Devices that can capture and convert sunlight into stored chemical energy are attractive candidates for future energy technologies. A general challenge is to combine efficient solar energy capture with high energy densities and energy storage time into a processable composite for device application. Here, norbornadiene (NBD)–quadricyclane (QC) molecular photoswitches are embedded into polymer matrices, with possible applications in energy storing coatings. The NBD–QC photoswitches that are capable of absorbing sunlight with estimated solar energy storage efficiencies of up to 3.8% combined with attractive energy storage densities of up to 0.48 MJ kg−1. The combination of donor and acceptor units leads to an improved solar spectrum match with an onset of absorption of up to 529 nm and a lifetime (t1/2) of up to 10 months. The NBD–QC systems with properties matched to a daily energy storage cycle are further investigated in the solid state by embedding the molecules into a series of polymer matrices revealing that polystyrene is the preferred choice of matrix. These polymer devices, which can absorb sunlight and over a daily cycle release the energy as heat, are investigated for their cyclability, showing multicycle reusability with limited degradation that might allow them to be applied as window laminates.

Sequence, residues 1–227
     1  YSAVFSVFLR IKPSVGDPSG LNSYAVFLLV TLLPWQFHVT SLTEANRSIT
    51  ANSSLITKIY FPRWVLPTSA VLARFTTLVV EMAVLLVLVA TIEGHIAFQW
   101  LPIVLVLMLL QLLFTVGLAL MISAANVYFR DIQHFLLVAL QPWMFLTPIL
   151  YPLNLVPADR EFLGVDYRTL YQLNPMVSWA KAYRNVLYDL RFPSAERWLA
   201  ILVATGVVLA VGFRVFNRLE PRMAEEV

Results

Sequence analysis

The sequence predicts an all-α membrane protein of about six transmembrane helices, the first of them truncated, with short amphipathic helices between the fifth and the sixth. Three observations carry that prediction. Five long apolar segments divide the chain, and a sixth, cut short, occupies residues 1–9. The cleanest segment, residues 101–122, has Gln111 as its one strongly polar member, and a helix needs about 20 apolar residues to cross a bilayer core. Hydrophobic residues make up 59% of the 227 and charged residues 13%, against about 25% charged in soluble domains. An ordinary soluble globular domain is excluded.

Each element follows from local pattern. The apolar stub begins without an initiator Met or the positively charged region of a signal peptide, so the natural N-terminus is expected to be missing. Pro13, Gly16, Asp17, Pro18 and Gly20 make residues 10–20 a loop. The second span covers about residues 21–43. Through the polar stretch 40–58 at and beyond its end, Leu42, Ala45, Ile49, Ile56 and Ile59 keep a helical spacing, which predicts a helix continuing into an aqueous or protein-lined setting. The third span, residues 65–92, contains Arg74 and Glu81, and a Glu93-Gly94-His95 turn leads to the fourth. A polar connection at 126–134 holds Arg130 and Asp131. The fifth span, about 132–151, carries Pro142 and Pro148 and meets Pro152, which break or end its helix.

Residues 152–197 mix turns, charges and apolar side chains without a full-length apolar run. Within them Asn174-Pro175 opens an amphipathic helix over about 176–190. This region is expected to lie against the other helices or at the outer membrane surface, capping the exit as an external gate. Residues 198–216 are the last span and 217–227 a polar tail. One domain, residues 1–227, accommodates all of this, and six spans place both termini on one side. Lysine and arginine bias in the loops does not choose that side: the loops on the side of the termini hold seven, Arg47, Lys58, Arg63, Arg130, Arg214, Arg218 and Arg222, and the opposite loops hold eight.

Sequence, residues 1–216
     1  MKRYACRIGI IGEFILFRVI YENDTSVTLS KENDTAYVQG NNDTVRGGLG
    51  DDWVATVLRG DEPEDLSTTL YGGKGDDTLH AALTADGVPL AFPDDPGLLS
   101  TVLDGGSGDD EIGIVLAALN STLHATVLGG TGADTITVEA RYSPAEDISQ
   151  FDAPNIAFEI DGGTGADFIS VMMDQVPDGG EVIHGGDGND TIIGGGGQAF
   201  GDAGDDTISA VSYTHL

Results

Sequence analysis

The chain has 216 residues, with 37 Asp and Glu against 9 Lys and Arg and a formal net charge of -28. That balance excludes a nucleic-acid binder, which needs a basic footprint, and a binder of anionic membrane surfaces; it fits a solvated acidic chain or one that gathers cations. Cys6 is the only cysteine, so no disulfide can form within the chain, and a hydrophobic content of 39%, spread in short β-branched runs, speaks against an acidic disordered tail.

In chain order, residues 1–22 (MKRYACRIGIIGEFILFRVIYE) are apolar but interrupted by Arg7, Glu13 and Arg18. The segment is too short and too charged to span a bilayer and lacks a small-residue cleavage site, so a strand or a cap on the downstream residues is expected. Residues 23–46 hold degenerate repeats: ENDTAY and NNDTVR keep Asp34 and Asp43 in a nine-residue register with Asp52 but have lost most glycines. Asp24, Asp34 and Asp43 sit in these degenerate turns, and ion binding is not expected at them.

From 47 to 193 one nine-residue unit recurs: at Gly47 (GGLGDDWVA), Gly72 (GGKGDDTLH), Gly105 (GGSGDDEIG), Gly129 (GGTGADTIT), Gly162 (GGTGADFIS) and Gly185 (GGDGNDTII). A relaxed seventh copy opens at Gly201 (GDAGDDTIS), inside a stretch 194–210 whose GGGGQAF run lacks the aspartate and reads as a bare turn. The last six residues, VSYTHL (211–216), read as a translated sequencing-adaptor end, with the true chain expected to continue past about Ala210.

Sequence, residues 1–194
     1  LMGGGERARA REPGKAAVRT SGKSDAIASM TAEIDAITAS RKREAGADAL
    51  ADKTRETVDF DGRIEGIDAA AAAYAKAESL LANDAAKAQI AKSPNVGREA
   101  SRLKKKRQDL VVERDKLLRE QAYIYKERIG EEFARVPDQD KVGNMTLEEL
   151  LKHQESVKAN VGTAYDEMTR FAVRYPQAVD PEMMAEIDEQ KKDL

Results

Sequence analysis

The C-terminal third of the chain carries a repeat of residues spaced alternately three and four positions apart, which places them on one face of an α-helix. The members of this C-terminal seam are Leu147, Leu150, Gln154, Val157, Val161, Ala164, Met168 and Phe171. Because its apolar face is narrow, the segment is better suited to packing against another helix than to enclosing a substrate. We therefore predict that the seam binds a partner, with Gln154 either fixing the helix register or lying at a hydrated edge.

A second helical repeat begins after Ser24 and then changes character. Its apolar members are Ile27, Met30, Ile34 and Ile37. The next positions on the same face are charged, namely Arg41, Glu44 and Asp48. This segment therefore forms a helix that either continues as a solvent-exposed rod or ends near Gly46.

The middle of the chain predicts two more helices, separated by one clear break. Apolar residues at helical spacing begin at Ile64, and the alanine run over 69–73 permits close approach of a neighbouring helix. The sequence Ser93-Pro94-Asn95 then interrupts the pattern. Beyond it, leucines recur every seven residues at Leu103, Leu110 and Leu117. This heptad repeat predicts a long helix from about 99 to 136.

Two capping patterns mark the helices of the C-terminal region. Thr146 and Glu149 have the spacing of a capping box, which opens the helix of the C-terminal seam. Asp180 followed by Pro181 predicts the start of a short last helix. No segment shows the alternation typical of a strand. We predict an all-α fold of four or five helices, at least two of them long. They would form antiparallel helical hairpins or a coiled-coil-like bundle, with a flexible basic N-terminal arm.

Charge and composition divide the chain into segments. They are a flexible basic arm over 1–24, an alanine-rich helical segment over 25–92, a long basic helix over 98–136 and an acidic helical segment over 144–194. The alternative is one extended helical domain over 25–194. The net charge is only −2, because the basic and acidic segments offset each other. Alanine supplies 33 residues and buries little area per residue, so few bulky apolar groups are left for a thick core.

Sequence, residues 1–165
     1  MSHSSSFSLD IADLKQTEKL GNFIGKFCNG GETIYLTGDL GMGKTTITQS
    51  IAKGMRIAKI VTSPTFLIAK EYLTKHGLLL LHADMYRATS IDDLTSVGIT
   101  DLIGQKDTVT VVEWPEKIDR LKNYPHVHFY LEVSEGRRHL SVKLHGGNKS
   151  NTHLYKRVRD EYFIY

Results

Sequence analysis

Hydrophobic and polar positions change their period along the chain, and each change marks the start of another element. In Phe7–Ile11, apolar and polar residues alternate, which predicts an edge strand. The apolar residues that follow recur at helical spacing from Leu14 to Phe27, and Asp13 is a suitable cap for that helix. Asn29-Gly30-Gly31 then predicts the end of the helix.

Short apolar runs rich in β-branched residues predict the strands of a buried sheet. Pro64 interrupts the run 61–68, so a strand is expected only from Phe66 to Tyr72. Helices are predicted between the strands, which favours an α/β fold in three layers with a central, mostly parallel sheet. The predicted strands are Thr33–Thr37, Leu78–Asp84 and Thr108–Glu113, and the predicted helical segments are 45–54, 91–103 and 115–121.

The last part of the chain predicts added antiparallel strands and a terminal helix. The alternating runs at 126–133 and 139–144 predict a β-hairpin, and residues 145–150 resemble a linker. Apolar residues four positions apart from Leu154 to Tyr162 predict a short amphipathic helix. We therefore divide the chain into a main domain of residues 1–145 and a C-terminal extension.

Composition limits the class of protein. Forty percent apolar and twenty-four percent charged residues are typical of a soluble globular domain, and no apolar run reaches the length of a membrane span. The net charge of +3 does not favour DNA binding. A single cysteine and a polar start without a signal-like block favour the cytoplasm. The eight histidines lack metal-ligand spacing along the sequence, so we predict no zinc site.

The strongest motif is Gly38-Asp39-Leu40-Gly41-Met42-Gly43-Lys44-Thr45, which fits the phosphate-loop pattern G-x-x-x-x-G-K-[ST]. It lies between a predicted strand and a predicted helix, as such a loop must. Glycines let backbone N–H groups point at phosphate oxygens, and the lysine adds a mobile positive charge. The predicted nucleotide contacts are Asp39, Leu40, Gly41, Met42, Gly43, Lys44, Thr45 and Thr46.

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- Heat Release
- Solar Energy Storage
- Solar Thermal
- Sold State Materials
- heat release
- solar energy storage
- solar thermal
- solid state materials